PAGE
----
Introductory Material

A. Rule 10b-5

1. Adoption of the Rule

2. Ward La France Truck Corporation

a. Facts Leading to Stock Sales

b. Initiation of SEC Investigation

c. SEC's Analysis

d. Emergent Principles

B. United States v. Simon

1. Facts

2. Significance

C. 1984 Interpretive Release

1. Highlights

2. Applications

3. Example

IV. The Heart of the Duty to Avoid Material Omissions: Materiality

Introductory Material

A. The Basic Test of Materiality: TSC Industries, Inc. v. Northway.

1. Objective Standard

2. Comparison to Accounting Standard

B. Avoid Numerical Tests: Basic Inc. v. Levinson

1. Facts

2. Analysis

C. SEC Staff Accounting Bulletin 99

1. Background and Purposes

2. Key Points

D. Ganino v. Citizens Utility Company

E. SEC Staff Accounting Bulletin 108

F. Limitations of Boilerplate Disclosure

1. Westinghouse Securities Litigation

2. Rubenstein v. Collins

3. Huddleston v. Herman & MacLean, et al.

4. Summary as to Boilerplate

V. The Duty to Correct Prior Disclosures

A. Principle

B. Example

VI. The Duty to Update Prior Disclosures

A. Principle

B. Example

C. SEC Rule 14a-9

VII. Application of the Duty to Avoid Material Omissions in the SEC Enforcement Process

Introductory Material

A. Materiality Generally in the SEC Enforcement Process

1. In the Matter of Richard P. Scalzo, CPA

2. Microsoft Corporation

B. Cases Applying the Duty to Avoid Material Omissions

1. The Need to Disclose Matters Involving the Survival or Viability of the Company

a. Stansbury Holdings Corporation

b. Dauphin County General Authority

c. Former Kmart Executives

d. Biopure Corporation

e. Former Officers and Directors of Spiegel, Inc.

2. The Truth About Operations and Performance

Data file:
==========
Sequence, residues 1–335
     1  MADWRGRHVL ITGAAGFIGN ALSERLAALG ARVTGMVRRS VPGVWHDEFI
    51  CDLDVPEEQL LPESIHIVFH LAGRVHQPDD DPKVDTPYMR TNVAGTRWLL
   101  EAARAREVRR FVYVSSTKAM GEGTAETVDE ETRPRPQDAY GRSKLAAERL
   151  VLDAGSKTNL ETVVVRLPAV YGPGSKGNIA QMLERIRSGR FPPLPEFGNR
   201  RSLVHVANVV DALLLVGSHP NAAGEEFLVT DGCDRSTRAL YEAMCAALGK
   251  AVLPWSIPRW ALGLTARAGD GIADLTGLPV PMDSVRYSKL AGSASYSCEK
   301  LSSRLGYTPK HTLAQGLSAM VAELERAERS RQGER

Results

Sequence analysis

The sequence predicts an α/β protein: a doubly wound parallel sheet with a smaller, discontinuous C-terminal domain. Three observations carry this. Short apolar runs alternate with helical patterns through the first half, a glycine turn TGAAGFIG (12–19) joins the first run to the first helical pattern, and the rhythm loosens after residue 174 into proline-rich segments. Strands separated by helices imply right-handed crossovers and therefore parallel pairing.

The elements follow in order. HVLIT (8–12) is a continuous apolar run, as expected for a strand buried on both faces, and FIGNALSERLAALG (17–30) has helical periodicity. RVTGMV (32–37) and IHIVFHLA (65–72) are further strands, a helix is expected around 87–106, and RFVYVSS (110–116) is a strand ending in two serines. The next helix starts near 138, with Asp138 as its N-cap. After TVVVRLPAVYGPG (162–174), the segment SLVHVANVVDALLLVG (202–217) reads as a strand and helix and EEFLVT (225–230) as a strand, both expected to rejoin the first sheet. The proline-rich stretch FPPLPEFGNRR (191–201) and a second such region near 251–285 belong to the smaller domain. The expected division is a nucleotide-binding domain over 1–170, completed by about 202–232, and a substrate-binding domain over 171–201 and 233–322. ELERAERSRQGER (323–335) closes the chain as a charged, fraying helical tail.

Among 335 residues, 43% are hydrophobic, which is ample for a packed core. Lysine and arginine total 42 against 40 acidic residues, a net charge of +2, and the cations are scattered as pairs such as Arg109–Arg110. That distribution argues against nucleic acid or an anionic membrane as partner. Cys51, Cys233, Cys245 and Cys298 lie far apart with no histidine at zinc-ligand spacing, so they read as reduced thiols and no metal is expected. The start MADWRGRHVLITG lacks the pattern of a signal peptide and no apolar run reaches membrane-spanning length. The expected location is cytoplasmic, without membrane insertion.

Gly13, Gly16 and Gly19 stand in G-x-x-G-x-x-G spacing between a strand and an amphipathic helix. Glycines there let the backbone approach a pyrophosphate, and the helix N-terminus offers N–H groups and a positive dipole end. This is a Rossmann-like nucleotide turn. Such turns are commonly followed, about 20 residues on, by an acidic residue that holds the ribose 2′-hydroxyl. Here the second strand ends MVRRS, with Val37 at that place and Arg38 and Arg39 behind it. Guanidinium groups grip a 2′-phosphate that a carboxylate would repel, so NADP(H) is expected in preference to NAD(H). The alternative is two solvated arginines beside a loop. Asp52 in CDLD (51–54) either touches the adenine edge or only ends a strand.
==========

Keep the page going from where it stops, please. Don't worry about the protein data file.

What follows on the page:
a. Trump Hotels & Casino Resorts, Inc.

b. Massachusetts Turnpike Authority

c. Charter Communications, Inc.

d. McLeodUSA Incorporated

e. Elan Corporation

f. Craig Scott

g. Former Qwest Communications Executives

h. Time Warner

i. Global Crossing Ltd.

j. The Coca Cola Company

k. Mount Sinai Medical Center of Florida, Inc.

l. Bio One Corporation

m. MBIA, Inc.

n. Tenet Healthcare Corporation

3. Failure to Reveal Improper Accounting or Accounting Error

a. Gerber Scientific, Inc.

b. Warnaco Group, Inc.

c. Fleming Companies, Inc.

d. Dennis O'Connor

e. Gregory A. Brady, William M. Beecher and Reagan L. Lancaster

f. John R. Behrmann

g. Former Bristol-Myers Squibb Officers

h. Martin E. Kenney, Jr.

i. Netopia, Inc.

j. Former Comverse Technology Officers

k. Walid H. Maghribi

l. Steven J. Landmann and Gary C. Gerhardt

m. International Business Machines Corporation

4. Management Integrity

a. Washington County Utility District

b. Former Enron Officers

5. Management Compensation and Benefits

a. W.R. Grace & Co.

b. Tyson Foods, Inc. and Donald Tyson

6. Regulation FD

a. Motorola Investigative Report

b. Flowserve Corporation

7. Causing Violations

a. Principles

b. Example: Ture Roland Fahlin

8. Summary of Enforcement Actions

VIII. Planning Points: Practical Guidelines for Evaluating Materiality of Undisclosed Information

Introductory Material

A. General Considerations

1. Basic Elements

2. Materiality Will Be the Crucial Question

3. Avoid Reliance on Quantitative Measures

4. Contingent or Speculative Disclosures

5. Be Candid in Using the Guidelines

6. Application of Guidelines to Misstatements

7. How to Use the Guidelines

B. Planning Point: What If Others Learn of the Information?

1. What would a major shareholder, or creditor, of the company, who is not affiliated with management or any insider, think about the information?

2. What if the disclosure counsel at the company's outside law firm found out?

3. What if the company's auditors learned of the information?

4. What reaction would the SEC staff likely have if they found out?

5. Would a governmental agency be likely to take action if it became aware of the information?

6. Would you be concerned about your employment situation at the company if the information were not disclosed?

7. Would the employment status of a member of executive management of the company come into question if disclosure were made?

8. Would a significant proportion of the company's customers, suppliers or vendors be concerned if they were to learn of the information?

9. Are you tempted to destroy, discard, alter or conceal records relating to the information so that the company's auditors and the SEC cannot find out about it?

10. Do you feel the need to keep dual sets of records in order to keep track of the company's activities and be able to reconcile them with the company's publicly filed financial reports?

11. Have others within the company tried to conceal the information?